Cassatt’s art is typical of Impressionist pieces. Impressionism was a movement that took place mainly in France during the late 19th century. The subjects that these artists would focus on were primarily members of the bourgeois as they engaged in leisurely activities, which explains Mary Cassatt's focus on women and children in their social circles. Other notable pioneers in the style included Monet, Cezanne, Degas, and Renoir. In fact, many of the paintings surrounding Cassatt’s work in the Philadelphia Museum of Art were by Monet, Renoir, and Cezanne such as Cezanne’s Large Bathers and Monet’s The Japanese Bridge. Impressionist art focused on the sensation produced by the painting as well as the perception of the image itself. The colors used are distinct and used to incorporate light. The brushstroke technique creates spaces rather than forms and it is this combination with the colors and lighting that evokes the image and emotion for the viewer (Seiberling, 1).
Woman With a Pearl Necklace in a Loge is very typical of Impressionist work and evokes a sense of romanticism with lighting and warm colors. The image portrayed is of that of a young woman of the bourgeoisies, rumored to be Lydia, Cassatt’s sister. The pearl necklace she wears, along with her eloquent dress, white gloves, and fan represent her social status as she sits in her private box at the theater. Women were very rarely portrayed as the subject of art pieces, especially in a place such as the theater. The theater was traditionally seen as promiscuous and a place where women were flaunting their sexuality (Pollock, 144). Thus, having women appear as the subject of a piece was very groundbreaking for the time. Cassatt was portraying women as intellectually capable and independent, representing a great culture shift (Haney, 9). Cassatt was a feminist and this influence was clear in her art as her subjects were female and usually the main focus of her paintings.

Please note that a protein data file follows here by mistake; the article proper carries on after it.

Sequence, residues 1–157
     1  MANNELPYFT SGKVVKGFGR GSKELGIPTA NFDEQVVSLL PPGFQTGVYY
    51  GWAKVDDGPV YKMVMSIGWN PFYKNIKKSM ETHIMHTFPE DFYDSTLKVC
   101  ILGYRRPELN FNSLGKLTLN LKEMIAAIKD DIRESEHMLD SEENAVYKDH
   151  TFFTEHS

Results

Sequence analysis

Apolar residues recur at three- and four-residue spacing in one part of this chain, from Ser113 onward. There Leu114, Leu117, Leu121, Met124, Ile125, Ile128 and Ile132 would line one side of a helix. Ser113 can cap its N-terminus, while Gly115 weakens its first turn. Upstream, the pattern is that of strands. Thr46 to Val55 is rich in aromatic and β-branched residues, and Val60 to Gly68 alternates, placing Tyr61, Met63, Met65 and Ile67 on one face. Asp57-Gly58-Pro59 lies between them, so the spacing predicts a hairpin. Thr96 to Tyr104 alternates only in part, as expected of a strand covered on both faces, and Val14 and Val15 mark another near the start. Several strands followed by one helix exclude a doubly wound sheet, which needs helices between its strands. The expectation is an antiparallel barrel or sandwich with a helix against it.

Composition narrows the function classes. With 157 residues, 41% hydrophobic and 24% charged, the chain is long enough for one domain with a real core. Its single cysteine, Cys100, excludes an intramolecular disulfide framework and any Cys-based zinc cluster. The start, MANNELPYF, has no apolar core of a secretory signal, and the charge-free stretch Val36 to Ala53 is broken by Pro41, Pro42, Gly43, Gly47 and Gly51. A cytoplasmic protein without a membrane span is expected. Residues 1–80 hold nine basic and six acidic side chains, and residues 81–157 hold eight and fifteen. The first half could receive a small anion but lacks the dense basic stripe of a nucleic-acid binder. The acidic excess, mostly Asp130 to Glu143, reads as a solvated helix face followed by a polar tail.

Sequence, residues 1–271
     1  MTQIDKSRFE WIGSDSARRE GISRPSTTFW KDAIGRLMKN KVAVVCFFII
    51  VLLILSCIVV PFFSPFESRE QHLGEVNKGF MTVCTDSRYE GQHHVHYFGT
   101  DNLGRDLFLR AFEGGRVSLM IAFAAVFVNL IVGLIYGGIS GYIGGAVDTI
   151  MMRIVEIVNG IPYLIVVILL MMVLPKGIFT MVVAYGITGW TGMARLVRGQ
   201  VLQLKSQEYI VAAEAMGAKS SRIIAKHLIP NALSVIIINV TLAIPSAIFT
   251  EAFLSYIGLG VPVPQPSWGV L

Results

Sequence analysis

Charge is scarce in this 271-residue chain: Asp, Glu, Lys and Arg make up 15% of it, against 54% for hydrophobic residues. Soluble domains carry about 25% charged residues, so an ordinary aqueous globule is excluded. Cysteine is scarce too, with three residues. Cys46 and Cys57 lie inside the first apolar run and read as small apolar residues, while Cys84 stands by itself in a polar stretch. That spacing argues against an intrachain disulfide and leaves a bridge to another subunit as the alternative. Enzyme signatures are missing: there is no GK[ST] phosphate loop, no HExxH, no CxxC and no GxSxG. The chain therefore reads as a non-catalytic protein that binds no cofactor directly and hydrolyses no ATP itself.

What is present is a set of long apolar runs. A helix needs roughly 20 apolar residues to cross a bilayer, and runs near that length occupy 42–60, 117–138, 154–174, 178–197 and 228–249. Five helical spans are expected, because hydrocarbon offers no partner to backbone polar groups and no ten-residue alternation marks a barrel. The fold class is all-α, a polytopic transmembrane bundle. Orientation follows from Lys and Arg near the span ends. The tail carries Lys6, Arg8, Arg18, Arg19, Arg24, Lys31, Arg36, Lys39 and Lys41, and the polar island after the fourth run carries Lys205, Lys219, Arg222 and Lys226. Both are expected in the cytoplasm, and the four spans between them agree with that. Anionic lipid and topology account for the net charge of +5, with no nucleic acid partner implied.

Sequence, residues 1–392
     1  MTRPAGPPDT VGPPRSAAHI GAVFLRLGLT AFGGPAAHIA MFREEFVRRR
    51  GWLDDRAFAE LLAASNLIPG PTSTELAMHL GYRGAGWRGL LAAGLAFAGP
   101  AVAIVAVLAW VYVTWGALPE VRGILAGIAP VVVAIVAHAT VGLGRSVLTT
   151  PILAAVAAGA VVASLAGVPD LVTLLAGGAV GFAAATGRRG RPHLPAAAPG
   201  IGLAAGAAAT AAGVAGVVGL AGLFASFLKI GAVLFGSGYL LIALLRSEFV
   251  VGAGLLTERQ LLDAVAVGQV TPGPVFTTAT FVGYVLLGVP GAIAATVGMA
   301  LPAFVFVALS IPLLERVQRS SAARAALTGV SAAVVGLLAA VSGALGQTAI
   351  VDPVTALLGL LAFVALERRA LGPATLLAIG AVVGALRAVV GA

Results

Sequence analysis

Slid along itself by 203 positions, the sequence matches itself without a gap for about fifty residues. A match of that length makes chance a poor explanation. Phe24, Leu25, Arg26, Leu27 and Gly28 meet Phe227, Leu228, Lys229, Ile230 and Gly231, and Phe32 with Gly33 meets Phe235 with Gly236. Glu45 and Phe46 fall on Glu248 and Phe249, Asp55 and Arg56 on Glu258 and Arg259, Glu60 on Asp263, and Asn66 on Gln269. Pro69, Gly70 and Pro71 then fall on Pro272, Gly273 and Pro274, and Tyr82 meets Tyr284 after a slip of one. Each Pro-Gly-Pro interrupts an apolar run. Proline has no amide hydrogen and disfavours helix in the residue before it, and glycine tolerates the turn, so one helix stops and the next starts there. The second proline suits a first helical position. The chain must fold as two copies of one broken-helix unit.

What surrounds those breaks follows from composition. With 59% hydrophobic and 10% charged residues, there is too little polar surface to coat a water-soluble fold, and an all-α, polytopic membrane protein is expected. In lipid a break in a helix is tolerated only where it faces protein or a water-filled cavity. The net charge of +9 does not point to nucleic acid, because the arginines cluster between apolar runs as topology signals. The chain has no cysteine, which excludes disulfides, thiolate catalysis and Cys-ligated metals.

Cassatt uses a particularly unique technique established by Degas to portray the theater setting as large and spacious. She positioned her subject in front of a mirror in order to depict the theater and other patrons behind the woman. Notice, Lydia is watching the show in one direction whereas the other spectators are viewing the performance in the opposite direction. Though it provides an image of a large and full theater behind the woman, it also “refutes the illusion of deep space by reminding us that we are looking at a flat, if reflective, surface just behind the figure” (Pollock, 146).